In the state where we have 24 hour news channels, tweets, FB posts and Instagram we have moved from fast news to instant news; fast thinking to instant thinking. This leaves little room for fact checking, truth verification or even reflection. We retweet and repost without any consciousness.
Such fake news also characterised Islamic history. God the Almighty says:
“O Believers! If an iniquitous person comes to you with any news,
Verify it and ascertain the truth,
Lest you harm people unwittingly,
And afterwards you become regretful for what you have done.”
In this verse from Sura Hujraat, which Imam Rashied Omar spoke about a few years ago, Allah commands us to be scrupulous in investigating any news that is brought to us, verify its authenticity, and the reliability of the source of the information. The import of the above verse, however, is general: no-one should rush into action on the basis of a piece of information that has not been verified. Such rash action invariably leads to committing an injustice against an individual or an entire community, and subsequent regret.
A number of Qur’anic commentators, including the famous ibn Kathir, claim that the specific historical context that this verse speaks to is a situation which took place in Madina in which a companion by the name of Walid ibn `Uqbah ibn Mu`ayt had been sent by the Prophet Muhammad (peace be upon him) to collect zakat alms from the tribe of al-Mustalaq. When he returned Walid reported to the Prophet (pbuh) that the al-Mustalaq tribe was preparing to attack the Muslims with a large force. The Prophet Muhammad (pbuh) was alarmed by this news and sent Khalid ibn Walid to repel the impending attack but wisely advised him to first verify the information before taking action.
Khalid arrived at his destination at night and sent out some of his soldiers to gather information. On their return, they refuted the original report and testified that the al-Mustalaq tribe were in fact not planning any attacks on the Muslims. On the contrary they were conscientious and peace-loving Muslims. Khalid was so astonished that he went to investigate the matter for himself and discovered that the original report had indeed been fabricated. He rushed back to the Prophet (pbuh) to inform him of the matter. It was in this context that the above verse was revealed commending the Prophet’s (pbuh) wise counsel.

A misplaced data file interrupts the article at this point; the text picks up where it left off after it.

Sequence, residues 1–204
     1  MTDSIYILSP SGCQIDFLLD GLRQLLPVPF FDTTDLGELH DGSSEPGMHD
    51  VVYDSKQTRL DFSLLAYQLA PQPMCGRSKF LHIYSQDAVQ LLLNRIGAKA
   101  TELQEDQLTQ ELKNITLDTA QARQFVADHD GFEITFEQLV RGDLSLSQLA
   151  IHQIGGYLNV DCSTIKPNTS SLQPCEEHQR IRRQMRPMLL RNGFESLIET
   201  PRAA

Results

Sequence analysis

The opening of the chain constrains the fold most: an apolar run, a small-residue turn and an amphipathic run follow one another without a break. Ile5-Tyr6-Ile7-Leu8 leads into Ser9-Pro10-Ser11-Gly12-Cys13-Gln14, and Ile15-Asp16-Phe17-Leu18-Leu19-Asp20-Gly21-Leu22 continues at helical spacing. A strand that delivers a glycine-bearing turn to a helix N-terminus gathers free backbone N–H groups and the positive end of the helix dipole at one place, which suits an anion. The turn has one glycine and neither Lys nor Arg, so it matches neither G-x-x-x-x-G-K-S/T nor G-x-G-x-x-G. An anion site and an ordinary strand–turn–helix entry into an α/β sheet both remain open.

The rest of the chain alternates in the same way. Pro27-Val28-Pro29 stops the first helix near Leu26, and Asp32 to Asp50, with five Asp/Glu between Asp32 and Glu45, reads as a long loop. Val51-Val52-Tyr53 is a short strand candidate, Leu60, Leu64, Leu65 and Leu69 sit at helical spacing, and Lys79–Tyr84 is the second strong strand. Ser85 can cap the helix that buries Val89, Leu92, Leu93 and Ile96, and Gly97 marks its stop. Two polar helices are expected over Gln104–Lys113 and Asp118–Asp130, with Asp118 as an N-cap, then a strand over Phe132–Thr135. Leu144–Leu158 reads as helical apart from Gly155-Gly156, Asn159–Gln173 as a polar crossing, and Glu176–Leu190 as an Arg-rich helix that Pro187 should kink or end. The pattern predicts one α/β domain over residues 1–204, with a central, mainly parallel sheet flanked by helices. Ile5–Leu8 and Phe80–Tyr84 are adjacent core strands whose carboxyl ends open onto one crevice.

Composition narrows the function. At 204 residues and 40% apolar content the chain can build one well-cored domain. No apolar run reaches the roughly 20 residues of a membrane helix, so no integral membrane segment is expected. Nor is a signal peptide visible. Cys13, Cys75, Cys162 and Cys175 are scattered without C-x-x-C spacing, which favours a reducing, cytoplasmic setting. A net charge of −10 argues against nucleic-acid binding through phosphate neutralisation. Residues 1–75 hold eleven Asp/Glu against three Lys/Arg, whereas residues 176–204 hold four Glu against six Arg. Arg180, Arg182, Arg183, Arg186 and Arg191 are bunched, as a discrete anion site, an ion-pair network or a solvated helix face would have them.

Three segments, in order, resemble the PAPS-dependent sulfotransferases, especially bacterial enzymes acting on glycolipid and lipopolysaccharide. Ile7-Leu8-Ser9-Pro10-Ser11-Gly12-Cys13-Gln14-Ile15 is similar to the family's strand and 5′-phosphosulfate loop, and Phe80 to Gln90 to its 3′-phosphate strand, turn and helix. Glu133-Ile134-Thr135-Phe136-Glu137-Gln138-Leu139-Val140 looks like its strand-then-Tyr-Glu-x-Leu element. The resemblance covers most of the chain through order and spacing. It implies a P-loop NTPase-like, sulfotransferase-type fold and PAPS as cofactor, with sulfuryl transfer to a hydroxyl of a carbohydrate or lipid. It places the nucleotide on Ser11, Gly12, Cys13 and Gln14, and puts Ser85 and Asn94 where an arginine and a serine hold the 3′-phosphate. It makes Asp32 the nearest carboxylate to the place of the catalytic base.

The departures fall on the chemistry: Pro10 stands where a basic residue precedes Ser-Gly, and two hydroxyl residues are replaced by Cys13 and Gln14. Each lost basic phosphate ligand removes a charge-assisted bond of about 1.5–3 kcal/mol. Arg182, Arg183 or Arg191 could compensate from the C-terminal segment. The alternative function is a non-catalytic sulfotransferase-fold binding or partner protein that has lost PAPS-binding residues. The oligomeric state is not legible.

One can just imagine the mayhem, injustice and remorse that might have ensued had the Prophet (pbuh) asked Khalid to wage a defensive attack on the basis of the original information. The information peddler is characterized as “iniquitous” in the above verse because the act of spreading rumours and unsubstantiated reports about people affecting the reputation of people constitutes a spiritual offence and thus incurs the displeasure of Allah.
Thus we have two challenges. The one is to deconstruct information that arrives. Secondly we have a duty to verity anything that we transmit. We may become unwitting purveyors of fake news.
The Prophet said “The complete believer may have any characteristic in his nature except treachery and lying.” A Muslim can be a coward or a miser but can never be a liar. The Messenger of Allah (pbuh) was asked, “Can the believer be a coward?” He said, “Yes.” He was asked, “Can the believer be a miser?” He said, “Yes.” He was asked, “Can the believer be a liar?” He said, “No.”
I am also reminded of the famous words of Rumi (attributed to others as well) who said “Before you speak, let your words pass through three gates: At the first gate, ask yourself “Is is true?”At the second gate ask, “Is it necessary?” At the third gate ask, “Is it kind?”
“The Truth has come and falsehood vanished. Surely falsehood is ever bound
to vanish.”— 17: 8.